The use of immersive virtual reality for learning is a growing opportunity that has so far suffered from limited application in the classroom, particularly with students in the 11 to 12 year bracket. Due to more concern being shown toward usability rather educational goals, mixed feelings exist about the technology’s ability to teach. Meanwhile, historical games usually have fun as the main or sole objective, which may cause problems by diminishing the value of the depicted cultural heritage and supersede the intended learning outcomes of the experience. This research aims to contribute toward this gap by working closely with teachers in developing an immersive virtual reality learning experience to teach prehistoric intangible cultural heritage to history students aged 11 to 12 years. The research question of this study is how to go about designing an immersive learning experience for secondary school teachers to teach 11 to 12 year old students about prehistoric cultural heritage on which very little documented evidence is available. To this end, the Re-Live History project was built upon a virtual reality navigation experience of a Maltese Neolithic hypogeum, adding a representation of intangible cultural heritage in the form of human behavior. A content requirement study from heritage experts’ perspective was carried out, followed by a similar study from the history teachers’ perspective. These provided which learning outcomes can be potentially addressed by the immersive learning experience, what form of intangible cultural heritage can be represented, and what success criteria were to be used for its evaluation. A prototype of the experience was then developed and reviewed by the heritage experts and subsequently developed into the experience evaluated by teachers and heads of department. Evaluation was carried out in terms of authenticity relative to the historic site, ease of navigation, impact in terms of achievable learning outcomes, and utility in the classroom. This ensured that educational objectives were given priority and should help teachers embrace and adopt the technology in the classroom. Future work should pilot the use of the IVR in the classroom and provide further empirical evidence to its ability to help such students achieve the learning outcomes expected by the syllabus.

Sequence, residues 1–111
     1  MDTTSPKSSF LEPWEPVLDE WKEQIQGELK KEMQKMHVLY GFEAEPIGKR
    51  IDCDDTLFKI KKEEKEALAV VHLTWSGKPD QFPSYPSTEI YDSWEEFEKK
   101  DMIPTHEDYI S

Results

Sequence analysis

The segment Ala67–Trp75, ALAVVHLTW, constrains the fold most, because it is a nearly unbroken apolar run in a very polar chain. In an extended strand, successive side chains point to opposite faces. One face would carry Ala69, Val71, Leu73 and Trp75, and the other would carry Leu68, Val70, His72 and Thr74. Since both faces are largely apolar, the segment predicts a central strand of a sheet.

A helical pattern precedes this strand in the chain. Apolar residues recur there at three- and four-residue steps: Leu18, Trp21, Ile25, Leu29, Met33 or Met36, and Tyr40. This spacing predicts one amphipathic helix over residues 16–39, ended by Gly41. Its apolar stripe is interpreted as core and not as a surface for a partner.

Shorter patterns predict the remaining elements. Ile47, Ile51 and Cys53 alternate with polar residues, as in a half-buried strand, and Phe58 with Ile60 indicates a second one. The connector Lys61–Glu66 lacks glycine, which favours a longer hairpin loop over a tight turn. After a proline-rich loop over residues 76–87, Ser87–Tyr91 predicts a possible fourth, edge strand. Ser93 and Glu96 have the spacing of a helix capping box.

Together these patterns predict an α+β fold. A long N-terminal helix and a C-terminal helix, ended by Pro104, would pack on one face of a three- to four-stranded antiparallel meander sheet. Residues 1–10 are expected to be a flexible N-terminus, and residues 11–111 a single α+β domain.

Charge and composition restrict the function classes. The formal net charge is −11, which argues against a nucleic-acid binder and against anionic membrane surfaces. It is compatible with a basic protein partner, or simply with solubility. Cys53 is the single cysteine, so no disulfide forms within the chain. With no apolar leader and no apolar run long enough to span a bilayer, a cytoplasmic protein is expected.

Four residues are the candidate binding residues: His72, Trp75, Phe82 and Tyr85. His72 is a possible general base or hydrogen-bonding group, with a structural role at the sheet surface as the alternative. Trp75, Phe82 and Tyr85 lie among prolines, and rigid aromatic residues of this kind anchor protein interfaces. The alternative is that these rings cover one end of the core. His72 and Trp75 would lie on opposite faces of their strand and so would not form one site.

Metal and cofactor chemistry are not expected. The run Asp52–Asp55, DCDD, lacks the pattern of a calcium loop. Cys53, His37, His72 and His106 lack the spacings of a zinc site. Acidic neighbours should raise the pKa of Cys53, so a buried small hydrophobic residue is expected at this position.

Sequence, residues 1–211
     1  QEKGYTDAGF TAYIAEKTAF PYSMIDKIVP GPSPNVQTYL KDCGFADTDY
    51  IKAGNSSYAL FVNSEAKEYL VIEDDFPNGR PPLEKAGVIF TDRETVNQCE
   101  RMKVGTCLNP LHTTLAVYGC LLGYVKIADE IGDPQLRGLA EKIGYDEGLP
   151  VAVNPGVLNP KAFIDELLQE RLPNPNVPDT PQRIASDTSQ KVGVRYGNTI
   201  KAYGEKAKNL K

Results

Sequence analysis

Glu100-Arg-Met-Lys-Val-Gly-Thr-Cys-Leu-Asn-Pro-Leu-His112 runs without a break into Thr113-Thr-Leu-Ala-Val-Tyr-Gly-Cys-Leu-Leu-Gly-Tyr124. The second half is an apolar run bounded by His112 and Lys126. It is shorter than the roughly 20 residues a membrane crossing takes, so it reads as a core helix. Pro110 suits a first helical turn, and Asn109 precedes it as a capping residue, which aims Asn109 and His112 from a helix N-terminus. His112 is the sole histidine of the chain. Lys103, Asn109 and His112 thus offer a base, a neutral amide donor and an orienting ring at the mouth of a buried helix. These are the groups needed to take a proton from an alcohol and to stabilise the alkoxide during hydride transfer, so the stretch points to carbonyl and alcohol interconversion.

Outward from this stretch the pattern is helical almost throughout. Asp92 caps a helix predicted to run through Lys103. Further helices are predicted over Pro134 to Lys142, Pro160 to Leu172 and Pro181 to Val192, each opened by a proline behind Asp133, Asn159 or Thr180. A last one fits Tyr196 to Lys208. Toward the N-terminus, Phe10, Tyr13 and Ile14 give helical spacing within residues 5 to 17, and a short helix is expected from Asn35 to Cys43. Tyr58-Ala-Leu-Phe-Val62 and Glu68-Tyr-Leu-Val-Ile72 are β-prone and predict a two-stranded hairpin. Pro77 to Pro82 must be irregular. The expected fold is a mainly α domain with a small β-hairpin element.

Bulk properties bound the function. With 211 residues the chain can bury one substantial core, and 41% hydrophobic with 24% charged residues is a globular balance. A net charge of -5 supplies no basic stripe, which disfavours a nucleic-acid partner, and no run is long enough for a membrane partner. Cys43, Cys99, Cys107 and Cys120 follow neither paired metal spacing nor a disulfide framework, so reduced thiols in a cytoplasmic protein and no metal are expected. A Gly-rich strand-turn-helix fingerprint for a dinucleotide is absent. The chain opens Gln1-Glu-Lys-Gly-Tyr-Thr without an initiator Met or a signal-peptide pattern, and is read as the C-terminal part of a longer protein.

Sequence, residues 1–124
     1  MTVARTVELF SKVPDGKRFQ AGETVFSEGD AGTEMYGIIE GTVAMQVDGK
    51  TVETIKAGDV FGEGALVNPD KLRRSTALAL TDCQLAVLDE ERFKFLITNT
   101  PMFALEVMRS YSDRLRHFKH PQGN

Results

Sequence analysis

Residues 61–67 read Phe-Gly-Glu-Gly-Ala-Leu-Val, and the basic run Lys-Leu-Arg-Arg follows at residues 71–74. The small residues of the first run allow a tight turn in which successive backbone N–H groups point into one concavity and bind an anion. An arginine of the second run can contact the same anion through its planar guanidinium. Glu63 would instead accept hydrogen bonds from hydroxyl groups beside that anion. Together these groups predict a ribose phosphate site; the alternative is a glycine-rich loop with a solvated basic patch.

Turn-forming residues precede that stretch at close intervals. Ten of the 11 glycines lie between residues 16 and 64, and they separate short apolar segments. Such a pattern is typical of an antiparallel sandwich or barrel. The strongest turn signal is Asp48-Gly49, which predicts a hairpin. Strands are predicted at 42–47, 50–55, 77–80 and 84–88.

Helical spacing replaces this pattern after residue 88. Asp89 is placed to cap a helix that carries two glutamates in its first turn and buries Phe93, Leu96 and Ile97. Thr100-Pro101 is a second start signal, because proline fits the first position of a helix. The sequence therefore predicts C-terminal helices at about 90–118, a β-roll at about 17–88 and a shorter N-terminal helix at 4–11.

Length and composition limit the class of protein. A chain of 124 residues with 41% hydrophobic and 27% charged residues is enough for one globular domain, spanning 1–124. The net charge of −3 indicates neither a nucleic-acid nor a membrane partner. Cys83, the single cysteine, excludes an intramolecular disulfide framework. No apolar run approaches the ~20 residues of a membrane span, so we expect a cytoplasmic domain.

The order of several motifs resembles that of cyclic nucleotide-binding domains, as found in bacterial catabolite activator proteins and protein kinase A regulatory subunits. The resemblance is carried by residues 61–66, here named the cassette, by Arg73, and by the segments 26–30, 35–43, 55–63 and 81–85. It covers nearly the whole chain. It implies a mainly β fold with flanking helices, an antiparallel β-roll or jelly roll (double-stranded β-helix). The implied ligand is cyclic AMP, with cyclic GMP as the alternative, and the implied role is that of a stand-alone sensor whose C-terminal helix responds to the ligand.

This study has assessed the role of reading, writing, and arithmetic teaching among adult learners in Saudi Arabia. A quantitative approach was used by recruiting 186 students divided into three groups, namely, the write to learn (WTL) group, traditional teaching group, and individual technology use (ITU) group. Statistical Package for Social Sciences (SPSS) was used for the analysis of the arithmetic and literacy test scores of the students. The findings showed that the performance of the WTL group was most effective among the three groups. The results showed that the learning capacity of adults could be improved by refining their writing and reading skills. The formative feedback, collaborative environment, and engagement helped improve the learning scores. It shows that the use of information and communication technology (ICT) should be accurately implemented along with the formation of a collaborative environment.